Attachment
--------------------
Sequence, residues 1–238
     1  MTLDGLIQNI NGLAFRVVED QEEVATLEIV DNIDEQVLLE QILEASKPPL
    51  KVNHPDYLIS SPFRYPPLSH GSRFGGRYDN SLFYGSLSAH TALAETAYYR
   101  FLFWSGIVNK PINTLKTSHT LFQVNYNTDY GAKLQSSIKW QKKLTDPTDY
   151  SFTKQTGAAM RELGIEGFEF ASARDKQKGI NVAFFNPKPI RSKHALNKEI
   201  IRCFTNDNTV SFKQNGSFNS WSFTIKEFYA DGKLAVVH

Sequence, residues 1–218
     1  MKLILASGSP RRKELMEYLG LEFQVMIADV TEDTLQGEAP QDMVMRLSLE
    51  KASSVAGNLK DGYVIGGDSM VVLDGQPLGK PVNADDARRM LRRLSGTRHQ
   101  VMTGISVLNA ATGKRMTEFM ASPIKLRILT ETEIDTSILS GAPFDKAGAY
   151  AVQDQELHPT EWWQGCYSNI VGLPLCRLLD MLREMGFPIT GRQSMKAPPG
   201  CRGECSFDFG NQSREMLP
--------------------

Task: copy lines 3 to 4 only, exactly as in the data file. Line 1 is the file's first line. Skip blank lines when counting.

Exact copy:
    51  KVNHPDYLIS SPFRYPPLSH GSRFGGRYDN SLFYGSLSAH TALAETAYYR
   101  FLFWSGIVNK PINTLKTSHT LFQVNYNTDY GAKLQSSIKW QKKLTDPTDY